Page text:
Chris: You were protecting something, yeah? Or building walls around something?

Molly: Yeah. I mean, I think as a young girl, I learned some lessons. I remember the first time I got my heart broken, and it wasn’t like this sweet high school affair. I fell in love with the biggest jerk in the school, and he was just completely savage about it. I was so... I was deeply emotional. And I just remember after it happened, sort of laying in bed and being like, “I’m never giving anyone that kind of power over me ever again.” And it’s true.

But now at this point in my life, I realized that if that’s your stance, then you also don’t get the real relationships. But back then, I was hurt by my dad, who I thought loved my brothers better than he loved me. I was hurt by or angry at some of the injustices I had encountered throughout my career. I was kind of grossed out at how a lot of the men spoke about women. I was also disappointed in a lot of ways by what I found at that echelon, because I would’ve thought before I encountered those people, and this is not all of them, but this is a large percentage of them— I could see they actually turn their humanity off.

When money was involved or when something they wanted was involved, I could see this humanity just switch off, and I just saw these people do a lot of harm. Then to bring it full circle, let me just back up so you understand how I got to New York.

One of the most famous guys in the game at the time was starring in these huge tent-pole movies making probably $20, $30 million, and he became pathologically obsessed with this game. He started keeping numbers on everyone. And he would call me and say, “I don’t want you to invite so-and-so back,” because he wanted to make sure he was the best player in the game. He wanted to give himself some artificial edge.

In the beginning, I sort of pandered to him a bit, but then his requests started to get more and more unethical, and I had to govern, rule, and lead for the integrity of the whole game, not just him. So I started not acquiescing to these questions, which became demands. And then this weird thing happened, it all culminated with a couple of sort of demonstrative demands for compliance. It started out as a joke, but it was clear it wasn’t a joke.

Chris: Probably using money as leverage.

Molly: For instance, yeah. He came over and he was like, “Do you want your tip?” I said, “Sure.” And he said, “Well, then you should get on the desk and bark like a seal.” And then I laughed and I said, “Yeah, I’m not doing that.” And it kept going on and it lasted for like 45 minutes with him sort of getting more heated, the whole table feeling uncomfortable, and I wouldn’t back down.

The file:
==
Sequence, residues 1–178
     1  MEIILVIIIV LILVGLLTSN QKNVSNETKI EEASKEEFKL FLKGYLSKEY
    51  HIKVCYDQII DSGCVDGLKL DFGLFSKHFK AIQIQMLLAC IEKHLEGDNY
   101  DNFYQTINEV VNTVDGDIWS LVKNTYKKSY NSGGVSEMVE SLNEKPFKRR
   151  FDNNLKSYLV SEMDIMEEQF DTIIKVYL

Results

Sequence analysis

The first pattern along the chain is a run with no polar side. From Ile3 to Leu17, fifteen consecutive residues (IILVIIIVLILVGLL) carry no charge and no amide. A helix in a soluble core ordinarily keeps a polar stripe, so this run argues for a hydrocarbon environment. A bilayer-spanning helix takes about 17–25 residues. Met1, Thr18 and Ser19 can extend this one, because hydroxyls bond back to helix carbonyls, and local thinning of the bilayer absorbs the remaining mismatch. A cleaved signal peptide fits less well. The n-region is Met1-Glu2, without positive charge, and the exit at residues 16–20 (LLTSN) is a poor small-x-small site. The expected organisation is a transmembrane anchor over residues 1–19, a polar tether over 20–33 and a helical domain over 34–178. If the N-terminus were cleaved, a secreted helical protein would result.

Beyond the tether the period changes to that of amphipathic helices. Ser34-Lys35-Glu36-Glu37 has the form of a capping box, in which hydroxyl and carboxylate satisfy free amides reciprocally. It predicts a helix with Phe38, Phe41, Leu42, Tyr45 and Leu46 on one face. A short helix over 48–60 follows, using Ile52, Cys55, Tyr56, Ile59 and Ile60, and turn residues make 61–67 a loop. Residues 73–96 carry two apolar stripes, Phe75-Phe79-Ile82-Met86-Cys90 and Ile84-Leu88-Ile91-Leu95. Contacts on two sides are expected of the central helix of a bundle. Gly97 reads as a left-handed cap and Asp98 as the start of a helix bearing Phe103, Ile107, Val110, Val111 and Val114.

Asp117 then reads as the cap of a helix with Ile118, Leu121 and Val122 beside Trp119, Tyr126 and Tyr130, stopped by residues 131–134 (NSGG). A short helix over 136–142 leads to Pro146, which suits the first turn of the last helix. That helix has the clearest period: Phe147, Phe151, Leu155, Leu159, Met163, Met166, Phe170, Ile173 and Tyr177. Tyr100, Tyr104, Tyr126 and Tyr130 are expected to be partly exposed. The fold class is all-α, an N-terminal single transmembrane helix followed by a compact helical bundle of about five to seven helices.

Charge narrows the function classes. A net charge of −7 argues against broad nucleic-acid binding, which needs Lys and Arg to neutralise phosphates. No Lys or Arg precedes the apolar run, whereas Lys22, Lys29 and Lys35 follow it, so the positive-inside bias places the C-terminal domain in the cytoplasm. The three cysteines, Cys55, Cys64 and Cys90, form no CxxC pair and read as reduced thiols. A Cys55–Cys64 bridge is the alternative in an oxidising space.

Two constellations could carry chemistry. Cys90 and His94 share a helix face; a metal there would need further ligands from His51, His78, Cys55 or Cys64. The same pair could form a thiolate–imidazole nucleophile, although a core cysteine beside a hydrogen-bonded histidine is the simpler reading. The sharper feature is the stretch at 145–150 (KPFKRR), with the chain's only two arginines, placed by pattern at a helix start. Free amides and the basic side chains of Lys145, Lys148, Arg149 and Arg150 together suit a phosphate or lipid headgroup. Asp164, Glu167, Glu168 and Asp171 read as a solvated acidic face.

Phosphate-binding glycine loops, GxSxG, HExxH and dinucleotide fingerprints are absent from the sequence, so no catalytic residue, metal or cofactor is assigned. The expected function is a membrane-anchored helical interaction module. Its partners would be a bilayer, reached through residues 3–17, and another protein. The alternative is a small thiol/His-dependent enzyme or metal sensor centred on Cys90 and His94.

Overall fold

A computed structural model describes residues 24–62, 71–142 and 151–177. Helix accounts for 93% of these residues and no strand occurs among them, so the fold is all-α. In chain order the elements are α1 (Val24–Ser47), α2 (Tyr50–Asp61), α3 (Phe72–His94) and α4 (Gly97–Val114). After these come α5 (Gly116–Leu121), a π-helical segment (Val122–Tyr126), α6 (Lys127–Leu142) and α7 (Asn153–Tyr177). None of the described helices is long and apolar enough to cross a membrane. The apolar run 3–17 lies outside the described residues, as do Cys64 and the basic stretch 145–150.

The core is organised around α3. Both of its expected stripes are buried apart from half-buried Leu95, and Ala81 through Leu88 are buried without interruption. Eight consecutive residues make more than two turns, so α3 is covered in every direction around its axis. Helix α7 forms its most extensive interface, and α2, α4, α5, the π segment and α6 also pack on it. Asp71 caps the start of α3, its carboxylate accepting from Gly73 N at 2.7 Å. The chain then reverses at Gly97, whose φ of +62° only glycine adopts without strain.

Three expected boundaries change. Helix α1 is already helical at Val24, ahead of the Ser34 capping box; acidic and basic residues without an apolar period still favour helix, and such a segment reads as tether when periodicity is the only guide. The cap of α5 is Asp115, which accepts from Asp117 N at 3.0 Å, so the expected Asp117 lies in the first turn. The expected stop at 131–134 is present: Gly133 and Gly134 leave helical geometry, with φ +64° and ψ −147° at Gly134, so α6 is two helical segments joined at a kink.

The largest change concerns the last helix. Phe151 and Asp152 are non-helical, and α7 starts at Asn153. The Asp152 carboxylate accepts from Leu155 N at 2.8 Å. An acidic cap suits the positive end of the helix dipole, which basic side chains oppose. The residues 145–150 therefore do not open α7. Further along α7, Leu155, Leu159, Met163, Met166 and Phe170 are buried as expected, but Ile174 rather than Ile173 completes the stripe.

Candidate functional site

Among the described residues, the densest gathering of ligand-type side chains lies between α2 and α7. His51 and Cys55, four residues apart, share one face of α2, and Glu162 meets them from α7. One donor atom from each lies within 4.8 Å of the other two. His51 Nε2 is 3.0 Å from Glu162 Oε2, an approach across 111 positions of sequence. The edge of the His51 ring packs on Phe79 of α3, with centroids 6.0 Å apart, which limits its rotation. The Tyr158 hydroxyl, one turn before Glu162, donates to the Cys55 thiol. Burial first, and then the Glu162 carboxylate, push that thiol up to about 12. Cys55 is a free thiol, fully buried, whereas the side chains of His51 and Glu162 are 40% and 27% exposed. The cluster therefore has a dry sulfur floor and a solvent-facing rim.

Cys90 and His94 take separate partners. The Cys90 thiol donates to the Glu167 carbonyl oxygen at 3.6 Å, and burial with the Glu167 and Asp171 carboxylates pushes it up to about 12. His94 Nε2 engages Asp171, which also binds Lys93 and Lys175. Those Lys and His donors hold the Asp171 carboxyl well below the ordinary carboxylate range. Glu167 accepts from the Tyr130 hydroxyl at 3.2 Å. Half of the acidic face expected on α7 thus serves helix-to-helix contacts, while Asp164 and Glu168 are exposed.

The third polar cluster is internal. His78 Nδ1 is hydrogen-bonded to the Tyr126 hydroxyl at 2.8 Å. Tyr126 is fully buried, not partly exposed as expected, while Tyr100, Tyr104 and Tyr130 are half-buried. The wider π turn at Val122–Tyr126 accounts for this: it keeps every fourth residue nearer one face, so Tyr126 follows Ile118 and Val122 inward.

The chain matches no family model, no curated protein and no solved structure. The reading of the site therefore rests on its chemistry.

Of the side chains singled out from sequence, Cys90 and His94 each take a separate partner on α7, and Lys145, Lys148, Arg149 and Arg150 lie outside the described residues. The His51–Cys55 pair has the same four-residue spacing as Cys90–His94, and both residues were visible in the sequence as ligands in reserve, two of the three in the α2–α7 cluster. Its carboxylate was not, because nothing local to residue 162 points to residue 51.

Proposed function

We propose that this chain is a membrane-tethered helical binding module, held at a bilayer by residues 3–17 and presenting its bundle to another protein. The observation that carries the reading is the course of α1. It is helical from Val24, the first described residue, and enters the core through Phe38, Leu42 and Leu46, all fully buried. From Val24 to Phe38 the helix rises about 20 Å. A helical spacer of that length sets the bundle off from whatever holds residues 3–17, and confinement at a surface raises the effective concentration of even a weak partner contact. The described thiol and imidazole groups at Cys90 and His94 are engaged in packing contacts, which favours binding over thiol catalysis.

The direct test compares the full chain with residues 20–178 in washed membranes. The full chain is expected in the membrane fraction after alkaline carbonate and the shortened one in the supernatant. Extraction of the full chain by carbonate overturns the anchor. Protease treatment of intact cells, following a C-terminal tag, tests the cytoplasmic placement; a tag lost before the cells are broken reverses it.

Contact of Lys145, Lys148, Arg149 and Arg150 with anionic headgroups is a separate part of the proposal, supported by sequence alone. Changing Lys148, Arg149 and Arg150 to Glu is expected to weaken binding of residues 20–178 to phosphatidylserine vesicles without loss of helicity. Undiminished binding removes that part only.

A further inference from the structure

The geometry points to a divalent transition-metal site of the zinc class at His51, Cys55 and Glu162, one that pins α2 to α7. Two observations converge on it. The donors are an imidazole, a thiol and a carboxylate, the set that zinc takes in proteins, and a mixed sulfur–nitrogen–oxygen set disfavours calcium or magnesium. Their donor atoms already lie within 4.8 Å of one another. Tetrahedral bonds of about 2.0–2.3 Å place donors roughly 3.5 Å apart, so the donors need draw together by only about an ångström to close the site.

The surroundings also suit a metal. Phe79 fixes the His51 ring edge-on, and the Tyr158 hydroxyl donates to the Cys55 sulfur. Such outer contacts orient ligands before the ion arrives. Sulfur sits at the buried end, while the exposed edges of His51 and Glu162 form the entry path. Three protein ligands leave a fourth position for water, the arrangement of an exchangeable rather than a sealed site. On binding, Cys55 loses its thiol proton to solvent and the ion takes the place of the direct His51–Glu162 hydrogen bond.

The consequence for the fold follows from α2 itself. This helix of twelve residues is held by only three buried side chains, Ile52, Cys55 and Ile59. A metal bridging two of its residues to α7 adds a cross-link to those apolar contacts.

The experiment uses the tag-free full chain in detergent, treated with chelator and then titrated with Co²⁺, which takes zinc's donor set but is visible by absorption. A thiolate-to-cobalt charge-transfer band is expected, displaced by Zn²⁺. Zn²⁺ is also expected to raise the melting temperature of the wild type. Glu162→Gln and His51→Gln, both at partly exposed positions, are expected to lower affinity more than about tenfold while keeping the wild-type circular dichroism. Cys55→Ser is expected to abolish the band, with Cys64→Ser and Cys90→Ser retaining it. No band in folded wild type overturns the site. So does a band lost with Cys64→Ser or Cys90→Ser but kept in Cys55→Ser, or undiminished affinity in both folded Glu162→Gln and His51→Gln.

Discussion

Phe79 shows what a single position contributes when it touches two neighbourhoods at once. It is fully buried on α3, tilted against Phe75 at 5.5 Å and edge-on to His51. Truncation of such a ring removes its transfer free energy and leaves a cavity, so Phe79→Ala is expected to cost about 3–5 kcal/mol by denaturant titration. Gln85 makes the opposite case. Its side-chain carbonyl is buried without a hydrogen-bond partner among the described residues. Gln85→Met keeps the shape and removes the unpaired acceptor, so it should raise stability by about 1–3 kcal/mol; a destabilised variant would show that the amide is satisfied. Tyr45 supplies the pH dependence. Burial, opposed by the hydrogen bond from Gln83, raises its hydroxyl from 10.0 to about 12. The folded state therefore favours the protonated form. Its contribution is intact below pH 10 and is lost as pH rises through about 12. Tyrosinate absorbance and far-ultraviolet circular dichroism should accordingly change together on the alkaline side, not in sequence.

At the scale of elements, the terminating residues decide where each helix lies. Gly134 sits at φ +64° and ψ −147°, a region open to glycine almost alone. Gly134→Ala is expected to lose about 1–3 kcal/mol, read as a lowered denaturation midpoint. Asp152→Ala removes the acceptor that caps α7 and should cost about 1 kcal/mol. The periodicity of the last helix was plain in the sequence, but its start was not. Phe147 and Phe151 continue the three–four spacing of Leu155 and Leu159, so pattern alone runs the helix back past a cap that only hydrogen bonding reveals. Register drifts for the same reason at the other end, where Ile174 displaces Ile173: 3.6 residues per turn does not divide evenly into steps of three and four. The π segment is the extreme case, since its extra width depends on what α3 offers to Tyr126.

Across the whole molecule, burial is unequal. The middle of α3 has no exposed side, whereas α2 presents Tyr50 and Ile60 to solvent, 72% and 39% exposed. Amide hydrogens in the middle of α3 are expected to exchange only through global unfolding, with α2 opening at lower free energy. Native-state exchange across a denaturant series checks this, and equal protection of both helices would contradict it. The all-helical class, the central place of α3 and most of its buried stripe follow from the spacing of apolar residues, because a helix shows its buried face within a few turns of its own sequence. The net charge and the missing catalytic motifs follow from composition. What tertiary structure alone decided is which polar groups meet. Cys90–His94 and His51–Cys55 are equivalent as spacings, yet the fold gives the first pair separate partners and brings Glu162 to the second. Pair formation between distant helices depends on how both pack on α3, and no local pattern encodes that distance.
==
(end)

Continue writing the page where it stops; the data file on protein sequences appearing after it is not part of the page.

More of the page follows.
Chris: Yeah. I mean, that’s dehumanizing for sure.

Molly: Yeah. And the only reason I tell this story in the book, and talk about who it is, is because it’s really important for me to impart to people who may feel like they’re in a less powerful position. You don’t have to do it. You can lose your job. You can be in fear and have uncertainty about what comes next, but don’t lose your dignity. Choose your dignity.

Chris: Betraying yourself is a costly thing.

Molly: It’s a costly thing, and I’ve done it, and it cost me everything.

Starting over in New York City

Chris: Yeah. The thing I think is really wild about the story is it’s like there are two parallels or two paths. There are the events that were actually occurring, and then there’s what’s going on inside. Like the whole time you’re telling me this story, I’m like, “There’s this raging inner critic.” You know what I mean? You have these moments where you’re having to choose whether you’re going to betray yourself or not. You have a value system and a really loud inner critic, and this tension is really kind of building on the inside. And you’ve got all these actual challenges, and some of the choices you’ve made put you in some really tough positions to keep it going. So where did it break?

Molly: That’s a really, really insightful observation that no one’s made. So I ultimately lost the LA game. He said, “You can come work for me. I’ll pay your salary if you want to keep the game.” I wanted to keep that game more than anything. It was the only thing I had ever done that made me feel like somebody, which I will address later. If you’re someone who relies exclusively on external validation for your inner validation, it’s going to be a tough road.

And it took me losing everything to realize that. So I turned his offer down still because if I said yes, then I wouldn’t have any more sovereignty. And after I started my own games, I said, “I’m never working for anyone ever again unless it’s like, I don’t know, NASA, but they’re not calling anytime soon.”